Just as the company claims, the ULA CDT is a lightweight, frameless pack that shines with loads under 20 pounds. This is the lightest pack Ultralight Adventure Equipment makes, and it remains consistent with the company's other models when it comes to features and construction. It's super simple in its design, featuring three large external pockets and a slim foam pad for support. The internal capacity is 36 liters, but the pack itself can carry a little over 50. This versatility, combined with the durable materials and overall design, won us over. The CDT was our favorite frameless pack, as it provides comfort, durability, and functionality.
Ultralight Adventure Equipment CDT Review
Cons: Foam pad falls out easily, shoulder straps lack support
Manufacturer: Ultralight Adventure Equipment
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Our Analysis and Test Results
With high scores in weight-to-volume, features, and adaptability, the CDT was a remarkable little pack, at an impressive price. We were awed by its overall performance, though it did lose points in comfort when loaded down with more weight than recommended.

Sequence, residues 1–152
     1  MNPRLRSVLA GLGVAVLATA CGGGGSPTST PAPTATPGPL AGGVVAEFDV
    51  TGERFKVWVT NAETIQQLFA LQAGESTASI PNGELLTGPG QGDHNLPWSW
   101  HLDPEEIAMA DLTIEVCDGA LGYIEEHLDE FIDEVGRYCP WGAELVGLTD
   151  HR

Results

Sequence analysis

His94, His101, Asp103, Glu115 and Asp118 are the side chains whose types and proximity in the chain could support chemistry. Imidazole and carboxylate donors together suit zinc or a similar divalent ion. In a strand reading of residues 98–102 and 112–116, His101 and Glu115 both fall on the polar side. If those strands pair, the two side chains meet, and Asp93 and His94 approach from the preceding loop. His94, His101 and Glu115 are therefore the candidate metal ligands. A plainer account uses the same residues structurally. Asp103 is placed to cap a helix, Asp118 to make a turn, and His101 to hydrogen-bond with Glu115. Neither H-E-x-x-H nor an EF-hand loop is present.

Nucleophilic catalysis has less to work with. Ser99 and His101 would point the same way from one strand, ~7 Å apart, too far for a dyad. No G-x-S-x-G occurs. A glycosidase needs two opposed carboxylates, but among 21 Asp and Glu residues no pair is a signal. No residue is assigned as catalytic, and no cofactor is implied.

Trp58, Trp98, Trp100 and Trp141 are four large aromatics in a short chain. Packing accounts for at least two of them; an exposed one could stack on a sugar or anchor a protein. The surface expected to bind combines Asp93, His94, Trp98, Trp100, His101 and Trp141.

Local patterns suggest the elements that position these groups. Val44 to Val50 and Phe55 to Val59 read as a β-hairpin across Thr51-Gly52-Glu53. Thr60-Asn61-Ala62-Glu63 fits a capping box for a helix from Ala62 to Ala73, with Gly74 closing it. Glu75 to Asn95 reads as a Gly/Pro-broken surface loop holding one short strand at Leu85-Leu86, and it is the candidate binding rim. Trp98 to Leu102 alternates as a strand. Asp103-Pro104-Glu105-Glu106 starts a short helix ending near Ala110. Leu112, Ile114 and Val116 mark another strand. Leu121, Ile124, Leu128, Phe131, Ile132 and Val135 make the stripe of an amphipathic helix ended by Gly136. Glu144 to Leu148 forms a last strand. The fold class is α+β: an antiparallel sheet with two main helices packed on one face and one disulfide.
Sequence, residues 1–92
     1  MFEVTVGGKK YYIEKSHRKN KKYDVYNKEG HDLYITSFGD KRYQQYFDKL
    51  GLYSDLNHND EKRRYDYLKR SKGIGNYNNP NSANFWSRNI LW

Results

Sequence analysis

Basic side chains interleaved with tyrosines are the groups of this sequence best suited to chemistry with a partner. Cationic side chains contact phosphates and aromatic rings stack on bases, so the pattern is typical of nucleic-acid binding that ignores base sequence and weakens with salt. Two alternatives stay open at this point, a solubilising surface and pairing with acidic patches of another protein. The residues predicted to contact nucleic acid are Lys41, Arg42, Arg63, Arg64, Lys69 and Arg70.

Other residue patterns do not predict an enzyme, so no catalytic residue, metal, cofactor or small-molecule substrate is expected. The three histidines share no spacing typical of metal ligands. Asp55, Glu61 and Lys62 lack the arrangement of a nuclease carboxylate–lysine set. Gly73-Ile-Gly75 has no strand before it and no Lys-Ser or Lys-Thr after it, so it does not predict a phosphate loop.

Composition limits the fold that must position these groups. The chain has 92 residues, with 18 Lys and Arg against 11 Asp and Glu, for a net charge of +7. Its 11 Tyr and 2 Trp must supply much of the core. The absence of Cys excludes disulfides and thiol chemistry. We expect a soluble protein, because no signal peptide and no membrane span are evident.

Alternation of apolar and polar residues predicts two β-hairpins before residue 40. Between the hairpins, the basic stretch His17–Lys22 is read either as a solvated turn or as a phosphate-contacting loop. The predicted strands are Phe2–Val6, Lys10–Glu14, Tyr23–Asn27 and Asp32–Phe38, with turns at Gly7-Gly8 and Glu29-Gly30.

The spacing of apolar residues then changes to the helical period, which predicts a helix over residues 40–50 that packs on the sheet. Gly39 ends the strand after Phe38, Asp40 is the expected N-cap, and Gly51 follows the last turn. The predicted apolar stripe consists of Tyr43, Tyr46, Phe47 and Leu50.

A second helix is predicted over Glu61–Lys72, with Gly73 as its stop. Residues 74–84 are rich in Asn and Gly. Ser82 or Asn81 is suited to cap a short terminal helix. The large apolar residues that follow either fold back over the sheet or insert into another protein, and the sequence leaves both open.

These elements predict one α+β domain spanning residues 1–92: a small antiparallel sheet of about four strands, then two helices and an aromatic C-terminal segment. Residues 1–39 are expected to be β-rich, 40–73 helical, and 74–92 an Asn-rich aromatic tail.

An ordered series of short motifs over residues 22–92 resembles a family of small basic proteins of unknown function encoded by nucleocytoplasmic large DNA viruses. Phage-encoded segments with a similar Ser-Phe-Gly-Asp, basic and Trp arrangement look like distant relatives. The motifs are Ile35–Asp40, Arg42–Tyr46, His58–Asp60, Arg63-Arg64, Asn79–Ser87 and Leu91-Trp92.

It comes as no surprise that the CDT was one of the top-ranking packs in our weight-to-volume metric. The pack is a glorified sack with a very thin foam pad, which provides a bit of structure to the back panel.
In addition to a full-size hip belt, the CDT also has three external pockets; all of these features add up to make an incredibly lightweight model. We were surprised when we measured the volume and it proved to have a 53-liter capacity. This capacity, combined with a weight of 24 ounces, gave the CDT a weight to volume ratio of 12.8 g/L. This is close, but still a bit higher, to the astonishingly lightweight Zpacks Arc Blast 55, whose weight-to-volume ratio is 11 g/L. The Gossamer Gear Gorilla also comes close to the CDT in this metric with a ratio of 13.8 g/L. The downside to the CDT's high score in this metric is its lack of support for heavy loads. Its capacity is such that it can carry a fair amount but lacks the support required to carry these types of loads comfortably (above 30 pounds).
Load Carrying Comfort
The CDT received a "great" for 15-pound loads and just an "okay" for 30-pound loads. Though the pack lacks a frame, the shoulder straps and waist belt are wide enough to distribute the weight.